A brief description of the main Roman masonry techniques. 3rd. Part

April 7, 2018

We continue with the third part of this serie of four articles about the main Roman masonry techniques.


Oppus Testaceum. This constructive technique, invented by the Romans, is the one that uses the baked brick: much harder, more resistant and more durable than the traditional clay/mud brick, without firing, whose constructive technique was named Oppus Latericium. The size of the Roman baked bricks generally followed a module normalized  in 3 different measurements -photo 1-- each of them with its own name: bipedal (two feet each long side, 59.2 cms), bessal (the most small, 2/3 of foot each long side, 19,7 cms) and sesquipedal (1,5 feet). This last one could be divided in triangles. In the case of clay/mud bricks, there were also three kinds of brick namely: lydian brick (with dimensions of 1 foot by half foot, 29.6 x 18.8 cm), tetradorum brick  (four spans, 1 foot by 1 foot, 29.6 x 29.6 cm) and the pentadron brick  (five spans or what is equal 37 x 37 cm). Although they were usually of rectangular geometry, examples of tubular (circular and square section) and circular bricks (semi-cylindrical, cylindrical and quarter-cylindrical), used respectively on roofs and columns - photo 2 -, are not lacking. There are also cases of bricks cut into capricious shapes intended to draw designs with which to adorn the facades of monuments. This particular constructive technique is denominated Oppus Figlinum.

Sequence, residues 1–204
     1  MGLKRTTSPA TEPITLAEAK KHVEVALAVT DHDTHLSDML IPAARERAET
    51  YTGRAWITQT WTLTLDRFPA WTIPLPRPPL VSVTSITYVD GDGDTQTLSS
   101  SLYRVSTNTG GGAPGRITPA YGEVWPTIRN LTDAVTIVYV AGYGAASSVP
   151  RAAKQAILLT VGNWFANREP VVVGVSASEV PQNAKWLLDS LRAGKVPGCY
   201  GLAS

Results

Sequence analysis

Photo 1.- Set of Roman bricks with different module. Roman city of Regina. Casas de Reina, Badajoz, Spain. 2nd century AD.


Arranged in longitudinal rows joined with lime mortar -photo 3-, the fired brick, hereinafter referred to simply as brick, proved from the beginning (first century BC) to be an optimal material for construction due to its cheapness and good technical characteristics, to the point of rapidly becoming widespread throughout the Empire. In fact, many of the constructions of early imperial period were built with this material and not with stone. This preference for brick will reach its zenith in the last two centuries of the Empire, when the available money for the erection of new buildings was being reduced year after year together with the splendor and the power of Rome.


Photo 2.- Ancient city of Carteia. San Roque, Cádiz, Spain. Quarter-cylindrical bricks used in the construction of columns.


Regarding the modes of use, they were mainly two: as a main structural element, support of the weight and the tensions of the structure in question and as lost formwork to be filled later with the usual Oppus Caementicum more or less rough –rubble agglomerated with lime mortar in many cases--. In the first case, usual in non-critical structures such as small vaults, dividing walls, openings and others, the advantage of the brick lay mainly in its great cheapness and ease of use combined with its suitability to make demanding geometric shapes as, for example, the typical Roman arches. When, on the contrary, the burdens to be borne by the future structure were high enough to discourage the exclusive use of the Oppus Testaceum, the walls were raised in the very robust Oppus Caementicum: more expensive to execute but still economical. Having said this, it is easy to understand the second way of using brick: without a doubt the most used cladding throughout the imperial era, well ahead of the Oppus Spicatum and Reticulatum, which in fact were practically relegated by the Oppus Testace